Retraining of Overseas Doctors
Health Minister Annette King today announced an $11.8 million Budget package for retraining overseas doctors.
Mrs King said the Government had committed the money in the Budget to be spent over the next three years on bridging programmes for a specific group of immigrant doctors.
"The programme will focus on the most important knowledge and skills needed for a doctor to practise safely and competently in New Zealand."
Doctors who were granted residency under the immigration policy of 1991 to 1995 were eligible for training under the package, she said. "They are being helped because they were granted residency based on their professional qualifications, but were inadequately informed of registration examinations they would have to undergo before they could enter the workforce.
"This is a win win situation which benefits both the overseas trained doctors and also the New Zealand health system. It gives New Zealand residents who trained overseas the opportunity to update and utilise their medical skills.
"The Ministry of Health has been working with the New Zealand Overseas Trained Doctors Association, the Medical Council, hospitals and medical schools to develop the programme. It will continue working with them to ensure the benefit is maximised to the doctors and our health system.
"More than 300 doctors have expressed interest in participating in these programmes. The first course will start in medical schools in February next year, but some of the doctors, who have recently gained USMLE qualifications, could be employed by hospitals now to begin the six-month trainee intern part of the programme. The money is there for the hospitals. I am urging them to use it to alleviate the shortages of doctors that have recently been identified," Mrs King said.
Mrs King said the previous Government had tried to put an overseas doctors programme in place, but had failed to get agreement on components of the package. "They announced a similar financial package, but hadn't worked out the details of implementation with the key players before they did so."
For further information, contact John Harvey (04) 471 9305.
criteria: Each overseas doctor must
hold an overseas medical qualification and Certificate of Good Standing verified by the Medical Council of New Zealand
have been granted residence in New Zealand under the General Skills Category (points system) of Residence Policy that was in force between 18 November 1991 and 29 October 1995 (while priority access will be given to principal applicants, the spouses/partners of principal applicants who were granted residence under those same criteria will also be eligible, provided they obtained residence under that same immigration policy).
have passed or been exempted an English test approved by the Medical Council.
2. Part A, Refresher course. The key
open entry to all those who meet the eligibility criteria listed above.
a refresher course of medical knowledge and skills comprising one semester (four and a half months) of lectures and tutorials. It will cover the main clinical areas (for example, medicine, surgery, paediatrics), professional development (for example, communication skills, medico-legal issues, Maori and Pacific health issues) and clinical skills (including clinical examination techniques). The course will therefore focus on the most important knowledge and skills needed for a doctor to practise safely and competently in New Zealand.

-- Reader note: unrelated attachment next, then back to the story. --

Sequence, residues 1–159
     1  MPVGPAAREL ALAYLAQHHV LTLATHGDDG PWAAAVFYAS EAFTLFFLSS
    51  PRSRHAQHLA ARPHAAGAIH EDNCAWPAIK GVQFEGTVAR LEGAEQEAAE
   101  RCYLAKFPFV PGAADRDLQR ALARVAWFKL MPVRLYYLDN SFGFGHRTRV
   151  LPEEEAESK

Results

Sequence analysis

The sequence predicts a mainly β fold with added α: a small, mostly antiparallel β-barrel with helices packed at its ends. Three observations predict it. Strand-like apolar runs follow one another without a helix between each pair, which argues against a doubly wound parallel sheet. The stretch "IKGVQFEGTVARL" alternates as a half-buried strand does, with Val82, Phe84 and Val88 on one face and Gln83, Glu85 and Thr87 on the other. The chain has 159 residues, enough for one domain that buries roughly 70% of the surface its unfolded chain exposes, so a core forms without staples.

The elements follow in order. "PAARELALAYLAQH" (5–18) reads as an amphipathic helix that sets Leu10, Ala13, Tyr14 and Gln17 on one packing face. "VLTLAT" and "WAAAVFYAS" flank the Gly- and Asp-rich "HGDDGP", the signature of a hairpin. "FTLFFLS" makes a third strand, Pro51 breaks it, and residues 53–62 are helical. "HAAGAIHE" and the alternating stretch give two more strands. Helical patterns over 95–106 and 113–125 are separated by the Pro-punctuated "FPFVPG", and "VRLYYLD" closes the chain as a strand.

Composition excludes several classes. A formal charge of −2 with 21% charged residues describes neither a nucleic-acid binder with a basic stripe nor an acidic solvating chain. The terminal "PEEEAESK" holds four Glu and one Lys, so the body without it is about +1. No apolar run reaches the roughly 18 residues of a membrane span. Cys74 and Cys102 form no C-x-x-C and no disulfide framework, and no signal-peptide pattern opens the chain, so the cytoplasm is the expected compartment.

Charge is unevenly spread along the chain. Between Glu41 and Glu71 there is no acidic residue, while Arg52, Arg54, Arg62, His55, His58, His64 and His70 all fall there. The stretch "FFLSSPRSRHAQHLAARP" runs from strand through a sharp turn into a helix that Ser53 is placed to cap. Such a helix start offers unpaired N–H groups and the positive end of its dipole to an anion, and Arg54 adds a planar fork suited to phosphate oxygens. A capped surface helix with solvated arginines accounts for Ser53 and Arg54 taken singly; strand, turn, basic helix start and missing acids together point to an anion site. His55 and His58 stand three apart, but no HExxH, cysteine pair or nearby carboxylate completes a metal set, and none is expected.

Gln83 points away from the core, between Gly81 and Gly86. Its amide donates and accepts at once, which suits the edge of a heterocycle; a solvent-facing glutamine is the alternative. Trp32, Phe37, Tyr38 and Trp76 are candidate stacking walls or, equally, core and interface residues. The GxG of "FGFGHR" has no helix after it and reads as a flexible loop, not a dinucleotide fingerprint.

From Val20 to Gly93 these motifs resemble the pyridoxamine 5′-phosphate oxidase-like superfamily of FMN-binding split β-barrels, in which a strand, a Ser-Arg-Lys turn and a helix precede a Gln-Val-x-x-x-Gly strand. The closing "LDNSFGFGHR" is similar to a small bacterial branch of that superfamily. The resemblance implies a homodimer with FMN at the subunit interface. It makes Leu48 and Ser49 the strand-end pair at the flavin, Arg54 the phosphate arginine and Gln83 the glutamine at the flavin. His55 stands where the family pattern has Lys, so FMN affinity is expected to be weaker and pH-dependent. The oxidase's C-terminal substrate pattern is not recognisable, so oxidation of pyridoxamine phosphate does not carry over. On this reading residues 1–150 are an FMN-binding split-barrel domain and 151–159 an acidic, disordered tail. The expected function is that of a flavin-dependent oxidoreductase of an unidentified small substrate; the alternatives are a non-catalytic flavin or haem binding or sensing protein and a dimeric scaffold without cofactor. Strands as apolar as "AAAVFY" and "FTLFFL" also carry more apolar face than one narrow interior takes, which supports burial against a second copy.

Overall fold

an assessment component in each module which together comprises 60 percent of total marks. As well, at the end of the semester there will be a written assessment comprising 40 percent of marks, mainly multiple choice and short answers. An overall pass mark of 50 percent is required and the standard is equivalent to that expected of a New Zealand medical student at the end of their 5th year. A pass of Part A's assessment is accepted by the Medical Council as an alternative to USMLE Steps 1 and 2 for this group of doctors. The opportunity to repeat Part A once is offered to those who fail. A pass in Part A is required to gain entry to Part B.
3. Part B, Trainee intern period.
The key features are:
a 6 month trainee intern period, involving rotations through supervised placements (for example, general medicine, general surgery, paediatrics), mainly in public hospitals.
a report on each trainee intern is provided by supervisors.
4. NZREX Clinical. Overseas doctors who undertake the bridging programme must still pass NZREX Clinical (the same clinical assessment undertaken by all overseas trained doctors seeking probationary registration leading to general registration). The Medical Council routinely allows three attempts at NZREX Clinical.
5. Probationary registration. Those who pass NZREX Clinical will need to obtain positions in New Zealand health services that meet the Medical Council supervision requirements for probationary registration, leading to general registration.
6. Fees, loans and allowances. Overseas
doctors who undertake the bridging programme will be charged
the usual examination fee for NZREX Clinical. The course
providers (the Schools of Medicine) will be seeking course
approval from the Ministry of Education so that those who
undertake the bridging programme will be eligible for
student loans and allowances according to the usual criteria
and that one attempt at NZREX Clinical on completion of the
bridging programme is included as a course fee for student